In the end, forgiveness is a choice. Either we decide to receive forgiveness for ourselves and forgive others, or we don’t, it’s as simple as that. The good news is through the work of the cross we can have our sins forgiven and not only that we can turn around and forgive others too. After all, this is what the cross is all about. “God was in Christ reconciling the world to Himself, not counting their trespasses against them, and He has committed to us the word of reconciliation” (2 Corinthians 5:19).




  “Supposing I have accepted this Bible revelation of God as a fact, and the revealed facts are these: God in Himself is nothing but love: we humans are created in His image so that the true ground of our being is the God who is love: but, in the misuse of our freedom, we have turned our backs on our true being in Him, and have been caught up in the illusion of independence and self-loving selves: God has regained us for Himself by becoming one of us as Jesus the Christ: Jesus, as God in the flesh and representing the human race who have their being in Him, by the predetermined plan of God, accepted a death at our hands.

   This death, in our stead, has removed the inevitability of our “death” (everlasting separation from the God of our being), has cleansed away the guilt of our sin-life (continual breakings of the law of love), and has delivered us from “the wrath to come” (the unavoidable effect of our rebellion against the love-law of the universe). Raised from the dead by the glory of the Father, the resurrection was the evidence that all that had to be done in our stead has been done; therefore, we can regard ourselves in God’s sight as those who are without sin, justified, righteous in Christ’s righteousness.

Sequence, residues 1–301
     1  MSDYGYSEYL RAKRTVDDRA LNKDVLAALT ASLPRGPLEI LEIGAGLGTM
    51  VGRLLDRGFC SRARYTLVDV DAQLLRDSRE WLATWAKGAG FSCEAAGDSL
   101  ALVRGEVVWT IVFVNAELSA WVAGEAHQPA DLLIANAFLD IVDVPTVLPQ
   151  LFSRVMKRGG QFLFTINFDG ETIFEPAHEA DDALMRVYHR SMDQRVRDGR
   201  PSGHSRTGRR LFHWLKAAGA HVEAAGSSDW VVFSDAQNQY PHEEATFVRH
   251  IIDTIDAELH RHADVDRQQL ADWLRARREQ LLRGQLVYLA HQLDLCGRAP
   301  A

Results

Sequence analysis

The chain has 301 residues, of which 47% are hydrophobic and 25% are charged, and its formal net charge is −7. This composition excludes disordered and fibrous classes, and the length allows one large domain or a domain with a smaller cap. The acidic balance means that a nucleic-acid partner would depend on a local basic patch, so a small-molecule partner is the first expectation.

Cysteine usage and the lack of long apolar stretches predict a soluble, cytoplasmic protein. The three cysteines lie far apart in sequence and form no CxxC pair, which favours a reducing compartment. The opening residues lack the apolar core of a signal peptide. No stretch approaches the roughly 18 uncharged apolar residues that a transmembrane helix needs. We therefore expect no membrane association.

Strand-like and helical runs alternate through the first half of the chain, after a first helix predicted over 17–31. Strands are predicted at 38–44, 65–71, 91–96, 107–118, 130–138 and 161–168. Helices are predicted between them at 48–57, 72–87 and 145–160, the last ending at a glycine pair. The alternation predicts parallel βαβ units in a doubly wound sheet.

But also this death, as being we who died on that cross, has cut us off from the spirit of self-centeredness, that false god which had immersed humanity in his great delusion, for death is separation of a body from its spirit: and this resurrection, it being we who were buried with Him and raised with Him, was the Spirit of self-giving, the Spirit of love, the God who is that Spirit joining Himself to us, removing the hindrance (the false possessor) to our discovering Him as the God of our being.


Taken from Norman Grubb’s “The Spontaneous you”



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The only answer is this one: that I recognize that self-centered independence is a perversion, a breakaway from the union with the self-giving God for which I was created, and that, therefore, in that condition I can never reach beyond my own self-interest; but I also recognize that God, and He only, the Trinity-in-unity, is love unlimited; and that God through Christ has made a way by which He reunites himself permanently to me. Then in this spontaneous unity, I begin to be this same self-giving love—unlimited: and I am no longer just myself, but I have found the real I in me to be He, and I His means of self expression.

I now need to ask, how can I make this a practical reality? Supposing I have accepted this Bible revelation of God as a fact, and the revealed facts are these: God in Himself is nothing but love: we humans are created in His image so that the true ground of our being is the God who is love: but, in the misuse of our freedom, we have turned our backs on our true being in Him, and have been caught up in the illusion of independence and self-loving selves: God has regained us for Himself by becoming one of us as Jesus the Christ: Jesus, as God in the flesh and representing the human race who have their being in Him, by the predetermined plan of God, accepted a death at our hands.